Oxy Goes Interdisciplinary: When Literature and Culture Collide

What's the story behind Oxy's new department of comparative studies in literature and culture?

In spring 2013, Oxy's English and comparative literary studies department began to narrow its focus to strictly Anglophone literature. (Now it's simply the English department.) The transition led Damian Stocking, associate professor of classical studies and comparative literature, to wonder whether he should follow suit and develop a classics program in Greek and Latin—along the traditional lines of a standalone language major. 

But as he discussed the idea with other members of the German, Russian, and classical studies department, they began to brainstorm an entirely different type of program, one that would require students to think across traditional linguistic, literary, and disciplinary boundaries, rather than focus solely on one language, thereby maintaining Oxy's diverse language offerings (which include French, Spanish, Japanese, and Chinese).

"The German, Russian, and classical studies department had no major or unifying principle, so students were rarely able to continue their language study," says Walt Richmond, professor of Russian studies. "By creating an integrated, unified program, we could incorporate more of our skills than we did while ­operating as separate language programs."

After two years of meetings and proposals, a new, larger, interdisciplinary program, which is open to collaboration with other languages and disciplines throughout the College, became available to Oxy students this fall: the department of comparative studies in literature and culture (CSLC).

"Our fundamental aim is to promote the study of diverse foreign languages at more advanced levels," says Debra Freas, assistant professor of classical studies. "In the past, students could only continue their studies at higher levels through independent study courses. Now, they have a path they can follow to complete a major while studying these languages."

The new major has three principal elements, which ultimately culminate in senior comps. First, students must develop full reading competence within a foreign language tradition by enrolling in three advanced reading-intensive courses.

"A special emphasis is placed on increasing reading comprehension," Richmond says. "Students who are not majoring in CSLC will take a four-unit literature and culture course, based upon the language they are interested in studying, taught in English, while the majors will take a course that combines the English-only course with a session in the target language, using texts in that language."

CSLC majors are then required to develop their theoretical and practical understanding of the interrelations between culture, language, and literature by enrolling in three courses within the department—a methods course with a theoretical emphasis and two translation courses from outside their chosen language fields.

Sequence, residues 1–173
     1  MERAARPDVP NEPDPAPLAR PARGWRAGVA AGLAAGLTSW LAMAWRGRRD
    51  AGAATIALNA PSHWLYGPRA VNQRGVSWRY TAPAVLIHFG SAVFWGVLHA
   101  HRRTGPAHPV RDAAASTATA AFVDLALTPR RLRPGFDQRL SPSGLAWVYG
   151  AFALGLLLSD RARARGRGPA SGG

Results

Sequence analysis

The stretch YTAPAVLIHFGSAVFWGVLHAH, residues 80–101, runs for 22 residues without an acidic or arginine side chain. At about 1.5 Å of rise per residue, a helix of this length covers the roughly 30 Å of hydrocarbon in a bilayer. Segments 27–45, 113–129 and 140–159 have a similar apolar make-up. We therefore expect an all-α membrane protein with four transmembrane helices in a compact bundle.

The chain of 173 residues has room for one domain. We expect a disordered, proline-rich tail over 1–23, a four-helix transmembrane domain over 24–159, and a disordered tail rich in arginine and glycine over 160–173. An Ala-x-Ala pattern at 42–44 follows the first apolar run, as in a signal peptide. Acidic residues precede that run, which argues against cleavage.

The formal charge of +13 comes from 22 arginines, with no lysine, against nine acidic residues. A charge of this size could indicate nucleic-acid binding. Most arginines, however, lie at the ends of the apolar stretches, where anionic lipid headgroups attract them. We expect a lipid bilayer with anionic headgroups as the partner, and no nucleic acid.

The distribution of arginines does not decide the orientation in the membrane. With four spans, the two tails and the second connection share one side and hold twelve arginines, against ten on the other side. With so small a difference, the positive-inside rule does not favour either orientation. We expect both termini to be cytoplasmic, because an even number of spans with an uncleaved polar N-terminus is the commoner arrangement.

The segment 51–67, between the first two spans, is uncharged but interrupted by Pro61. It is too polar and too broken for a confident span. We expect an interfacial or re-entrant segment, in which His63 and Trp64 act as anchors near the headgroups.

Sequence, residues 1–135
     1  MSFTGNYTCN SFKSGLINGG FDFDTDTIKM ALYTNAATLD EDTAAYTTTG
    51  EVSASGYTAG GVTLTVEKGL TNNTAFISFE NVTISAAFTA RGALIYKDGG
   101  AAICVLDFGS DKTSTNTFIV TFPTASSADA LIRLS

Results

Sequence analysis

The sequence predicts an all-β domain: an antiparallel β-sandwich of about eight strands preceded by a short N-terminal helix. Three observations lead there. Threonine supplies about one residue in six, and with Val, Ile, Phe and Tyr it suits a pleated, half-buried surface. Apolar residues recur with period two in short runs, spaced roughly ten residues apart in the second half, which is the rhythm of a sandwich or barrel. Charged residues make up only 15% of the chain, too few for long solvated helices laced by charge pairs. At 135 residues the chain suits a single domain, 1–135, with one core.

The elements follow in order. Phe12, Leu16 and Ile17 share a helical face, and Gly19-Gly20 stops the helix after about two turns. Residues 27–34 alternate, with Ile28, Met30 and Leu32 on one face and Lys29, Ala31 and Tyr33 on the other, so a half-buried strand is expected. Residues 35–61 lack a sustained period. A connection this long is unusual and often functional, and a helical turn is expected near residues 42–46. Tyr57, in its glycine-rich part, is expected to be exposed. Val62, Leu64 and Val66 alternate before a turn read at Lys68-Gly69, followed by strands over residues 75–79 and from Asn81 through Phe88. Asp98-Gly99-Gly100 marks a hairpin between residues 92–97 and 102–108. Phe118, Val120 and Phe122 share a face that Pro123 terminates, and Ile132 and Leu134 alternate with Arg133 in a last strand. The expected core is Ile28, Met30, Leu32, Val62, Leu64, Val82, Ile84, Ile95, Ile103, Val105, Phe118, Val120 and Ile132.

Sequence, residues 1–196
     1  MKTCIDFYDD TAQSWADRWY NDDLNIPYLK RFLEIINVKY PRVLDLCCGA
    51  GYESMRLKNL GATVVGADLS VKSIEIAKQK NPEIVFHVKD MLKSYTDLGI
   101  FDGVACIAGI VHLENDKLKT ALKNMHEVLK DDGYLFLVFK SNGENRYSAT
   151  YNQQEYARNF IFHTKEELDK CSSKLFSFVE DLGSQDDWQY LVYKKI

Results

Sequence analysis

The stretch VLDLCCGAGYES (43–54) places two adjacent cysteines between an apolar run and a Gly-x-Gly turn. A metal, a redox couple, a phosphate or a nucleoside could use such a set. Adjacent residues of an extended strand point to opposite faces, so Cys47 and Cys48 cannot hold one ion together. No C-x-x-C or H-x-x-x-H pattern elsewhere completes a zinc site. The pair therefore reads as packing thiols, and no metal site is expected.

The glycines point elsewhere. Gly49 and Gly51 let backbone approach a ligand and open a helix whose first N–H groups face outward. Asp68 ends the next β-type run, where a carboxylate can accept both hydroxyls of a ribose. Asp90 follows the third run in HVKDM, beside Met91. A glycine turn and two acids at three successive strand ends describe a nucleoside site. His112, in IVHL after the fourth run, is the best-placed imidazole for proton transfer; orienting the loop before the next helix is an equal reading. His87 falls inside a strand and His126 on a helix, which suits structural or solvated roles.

In doing so, students will not only be able to develop full competency in one language, but also learn the fundamentals of another, while comparing and contrasting each language's cultural, linguistic, and literary traditions. "Furthermore, we ask that majors enroll in two thematically related courses from disciplines outside the department, which will complement their language and literature studies," Stocking says. 

Through this interdisciplinary pattern of study, students can create personalized majors that reflect their intellectual interests, while using any of Oxy's departments in tandem with CSLC. As a result, they will better understand the ways in which language and culture intertwine with virtually every aspect of society.

With this interdisciplinary approach to learning, the CSLC department houses nearly half of Oxy's foreign languages. And since the department isn't dedicated to one language or region, it can provide students larger intellectual contexts for courses and languages they likely wouldn't have considered otherwise.

"The department's innovations in language and literature pedagogy allow students to draw upon and share in the richness of our courses—between languages and beyond disciplinary borders," Stocking says. "By engaging them with a plurality of cultural and disciplinary perspectives, students partake in a truly holistic liberal arts education that prepares them to become competent, wide-ranging global citizens."

When Will Stupp completes his studies next spring, he will be the first Oxy graduate with a CSLC degree. During a 2013 English class, "Damian pitched his idea for a new department to us during one of his lectures," says the Webster Groves, Mo., senior, who stayed an extra semester in Germany after his study-abroad year. "I had always hoped to continue my study of German anyway, and saw language acquisition as a particularly enlightening part of education. When I came back to the States in August, I signed up [for the CSLC major]. It seemed like everything I wanted from the liberal arts."—Chris Lewis